Monthly Archives: May 2009

10 Firefox Add-Ons This Teacher Can’t Live Without

This isn’t directly related to teaching or moving, but this is my blog and I can write whatever I want, right? 🙂

Mozilla Firefox is by far the most useful and versatile web browser available for Windows right now, as far as I’m concerned.  It has its faults and quirks, but in the end it always seems to come out ahead of the others.  One of the best things about Firefox is the huge variety of add-ons and extensions that allow you to customize the browser to do almost anything you want.

I have several dozen add-ons installed, but here are my very favorites:

  • Read It Later lets you easily mark pages that you want to visit later, but don’t necessarily want to bookmark and keep in the long term.  With one click you can save the page to your reading list, which you can sync between multiple computers and even access through their web page or their iPhone app.  It also integrates well with Google Reader.
  • Update Scanner does what it sounds like: scans pages for updates.  It’s useful for pages that don’t provide an RSS feed of new posts or updates.  You can set the time interval and the size of the changes that trigger update notifications.
  • ReloadEvery makes a tab of Firefox reload (refresh) automatically at a given time interval.  Very good for keeping a page up to date if it doesn’t load changes itself (can anyone say “new Facebook home page?”)  I use this one a lot when I am waiting for something new to be posted, because I am both very impatient and very lazy 🙂
  • AdBlock Plus blocks all those silly ads on web pages.  I very rarely see ads on any pages I go to anymore.  Yes, I know ads provide revenue for sites, etc, etc, but let’s face it, most of them are irrelevant and distracting, and some of them are really gross.  With AdBlock Plus enabled, a lot of times you can’t even tell where the ads were supposed to be, and you can just enjoy the content on the page.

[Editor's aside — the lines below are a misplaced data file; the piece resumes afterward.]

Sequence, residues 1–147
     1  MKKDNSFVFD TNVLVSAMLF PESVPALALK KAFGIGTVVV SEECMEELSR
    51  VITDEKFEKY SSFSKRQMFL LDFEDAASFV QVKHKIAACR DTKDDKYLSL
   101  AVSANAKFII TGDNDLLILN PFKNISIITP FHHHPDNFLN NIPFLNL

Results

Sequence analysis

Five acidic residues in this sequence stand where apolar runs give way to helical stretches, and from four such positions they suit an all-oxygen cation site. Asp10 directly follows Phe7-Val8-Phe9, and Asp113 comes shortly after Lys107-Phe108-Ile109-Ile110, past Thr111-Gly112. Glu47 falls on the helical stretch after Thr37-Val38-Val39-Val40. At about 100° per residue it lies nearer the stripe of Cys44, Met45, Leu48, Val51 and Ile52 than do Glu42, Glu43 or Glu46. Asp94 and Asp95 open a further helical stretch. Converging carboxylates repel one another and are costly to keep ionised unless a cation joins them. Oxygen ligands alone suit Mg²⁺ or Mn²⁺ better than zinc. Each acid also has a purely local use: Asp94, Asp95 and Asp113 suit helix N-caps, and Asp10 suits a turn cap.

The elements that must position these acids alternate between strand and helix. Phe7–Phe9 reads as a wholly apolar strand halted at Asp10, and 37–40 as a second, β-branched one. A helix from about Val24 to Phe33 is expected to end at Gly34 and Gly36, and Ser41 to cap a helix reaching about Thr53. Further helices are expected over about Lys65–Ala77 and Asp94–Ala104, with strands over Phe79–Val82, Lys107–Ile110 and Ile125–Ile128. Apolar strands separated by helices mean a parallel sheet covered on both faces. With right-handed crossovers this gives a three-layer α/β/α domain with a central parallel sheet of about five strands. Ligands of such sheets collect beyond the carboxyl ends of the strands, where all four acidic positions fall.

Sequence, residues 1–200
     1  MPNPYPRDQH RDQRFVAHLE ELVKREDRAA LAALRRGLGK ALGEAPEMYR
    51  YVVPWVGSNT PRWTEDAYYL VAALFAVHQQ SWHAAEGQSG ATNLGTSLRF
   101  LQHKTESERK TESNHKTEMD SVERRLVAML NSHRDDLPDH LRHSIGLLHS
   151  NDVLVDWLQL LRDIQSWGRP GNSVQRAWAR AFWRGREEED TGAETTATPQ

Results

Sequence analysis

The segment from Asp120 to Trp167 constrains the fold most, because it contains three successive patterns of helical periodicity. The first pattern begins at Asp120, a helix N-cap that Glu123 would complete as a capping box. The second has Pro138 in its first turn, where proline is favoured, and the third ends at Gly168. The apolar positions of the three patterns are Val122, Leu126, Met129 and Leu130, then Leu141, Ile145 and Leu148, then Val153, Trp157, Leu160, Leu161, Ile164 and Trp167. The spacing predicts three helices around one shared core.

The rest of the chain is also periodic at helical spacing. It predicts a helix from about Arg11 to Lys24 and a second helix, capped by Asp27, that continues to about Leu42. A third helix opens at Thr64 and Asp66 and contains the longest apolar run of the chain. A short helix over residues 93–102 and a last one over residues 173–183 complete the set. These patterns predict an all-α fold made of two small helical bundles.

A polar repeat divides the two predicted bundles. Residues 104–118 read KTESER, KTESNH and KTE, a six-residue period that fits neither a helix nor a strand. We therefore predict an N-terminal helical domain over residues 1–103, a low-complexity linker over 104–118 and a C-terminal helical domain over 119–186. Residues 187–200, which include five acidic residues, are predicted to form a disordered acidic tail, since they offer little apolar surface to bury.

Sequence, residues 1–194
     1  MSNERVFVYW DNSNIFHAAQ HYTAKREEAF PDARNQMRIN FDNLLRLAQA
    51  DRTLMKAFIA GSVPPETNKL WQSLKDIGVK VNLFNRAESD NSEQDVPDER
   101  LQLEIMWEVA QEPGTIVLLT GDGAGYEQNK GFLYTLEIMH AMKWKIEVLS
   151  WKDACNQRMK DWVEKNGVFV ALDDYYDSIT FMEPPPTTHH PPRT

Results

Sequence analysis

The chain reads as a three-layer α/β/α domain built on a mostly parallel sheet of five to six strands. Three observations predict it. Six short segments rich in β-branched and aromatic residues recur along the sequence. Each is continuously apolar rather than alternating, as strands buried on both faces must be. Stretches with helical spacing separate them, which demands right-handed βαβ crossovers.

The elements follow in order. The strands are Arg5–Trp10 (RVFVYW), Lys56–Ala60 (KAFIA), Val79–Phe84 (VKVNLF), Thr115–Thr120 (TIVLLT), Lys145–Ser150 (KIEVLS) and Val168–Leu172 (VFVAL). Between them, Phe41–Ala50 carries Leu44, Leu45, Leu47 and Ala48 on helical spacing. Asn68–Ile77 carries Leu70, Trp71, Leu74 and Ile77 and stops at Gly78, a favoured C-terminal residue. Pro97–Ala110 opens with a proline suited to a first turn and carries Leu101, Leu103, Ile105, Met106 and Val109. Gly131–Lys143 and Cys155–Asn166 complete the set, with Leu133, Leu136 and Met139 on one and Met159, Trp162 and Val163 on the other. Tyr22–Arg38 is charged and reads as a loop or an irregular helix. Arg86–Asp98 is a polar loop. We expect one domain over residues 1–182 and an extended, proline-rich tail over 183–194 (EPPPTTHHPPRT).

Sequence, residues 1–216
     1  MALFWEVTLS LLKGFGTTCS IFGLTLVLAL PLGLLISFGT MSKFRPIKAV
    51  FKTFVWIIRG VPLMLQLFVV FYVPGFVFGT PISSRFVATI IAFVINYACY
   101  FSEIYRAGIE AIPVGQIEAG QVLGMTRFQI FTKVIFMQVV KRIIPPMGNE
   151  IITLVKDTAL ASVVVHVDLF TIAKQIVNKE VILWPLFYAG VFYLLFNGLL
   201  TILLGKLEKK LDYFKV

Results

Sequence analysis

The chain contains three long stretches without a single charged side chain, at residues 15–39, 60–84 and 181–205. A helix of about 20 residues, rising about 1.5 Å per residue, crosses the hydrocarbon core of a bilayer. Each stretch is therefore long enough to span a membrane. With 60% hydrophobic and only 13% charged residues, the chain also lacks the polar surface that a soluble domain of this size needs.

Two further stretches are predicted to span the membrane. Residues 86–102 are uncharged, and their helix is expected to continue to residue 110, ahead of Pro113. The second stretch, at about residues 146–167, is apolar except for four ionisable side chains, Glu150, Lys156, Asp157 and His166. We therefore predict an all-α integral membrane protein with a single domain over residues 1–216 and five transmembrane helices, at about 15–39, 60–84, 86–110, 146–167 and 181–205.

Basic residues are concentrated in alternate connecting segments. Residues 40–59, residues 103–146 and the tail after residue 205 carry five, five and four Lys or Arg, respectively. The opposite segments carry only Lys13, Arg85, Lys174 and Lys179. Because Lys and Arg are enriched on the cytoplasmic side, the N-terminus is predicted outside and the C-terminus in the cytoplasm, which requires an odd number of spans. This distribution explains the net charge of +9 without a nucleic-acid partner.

• AutoPager solves one of the most irritating aspects of many sites: only a certain number of results are shown on a given page, so you constantly have to click “next page” to continue browsing.  With AutoPager, when you get near the end of a page on, say, Google, or Amazon, it automatically loads the next page of search results, so you can just continue scrolling.
  • Google Preview shows a thumbnail screenshot of the page next to its Google search result.  This gives you a visual indication of what you will see when you click on the link.
  • Shareaholic gives you multiple ways to share the page you’re looking at.  When you right-click on the page or click the Shareaholic icon in the toolbar, you can choose to share that link on dozens of sites, including Facebook, GMail, Twitter, Diigo, Delicious, Google Reader, and many, many others.  It makes it easy to tell others about cool sites you’ve found!
  • FoxClocks puts clocks in the status bar at the bottom for any location you choose.  I often find myself wanting to know the local time in Abu Dhabi (since I’m moving there soon and have to be in touch with folks there quite a bit) and South Korea (used to live there and still keep up with events and some people over there).  It’s great to be able to see what time it is there at a glance.
  • Currency Converter is another good one for people who travel a lot or have interests in other countries.  It makes basically any number on any site clickable, and when you click on it a tiny window pops up where you can quickly convert that number from and to almost any currency.
  • Faviconize Tab is for people like me who tend to wind up with a gazillion tabs open in Firefox at once.  It makes it so that when you double-click a tab, it narrows it to show only the favicon (the little picture next to the title of the web page in the tab).  This saves space on the tab bar and keeps tabs you use all the time open, but out of the way.

So, there you have it, my favorites (for now, at least)!  What are your favorite Firefox add-ons and why do you like them?  Please share in the comments!


Can you help me find a home for my adorable cats? Please?

Just posted an ad on Craigslist; I’m hoping to find someone to adopt one or both of my sweet, friendly kitties.  The text of the ad is below and the actual ad (with pictures!) can be found at: –Please oh please, share this with anyone and everyone!  Thanks!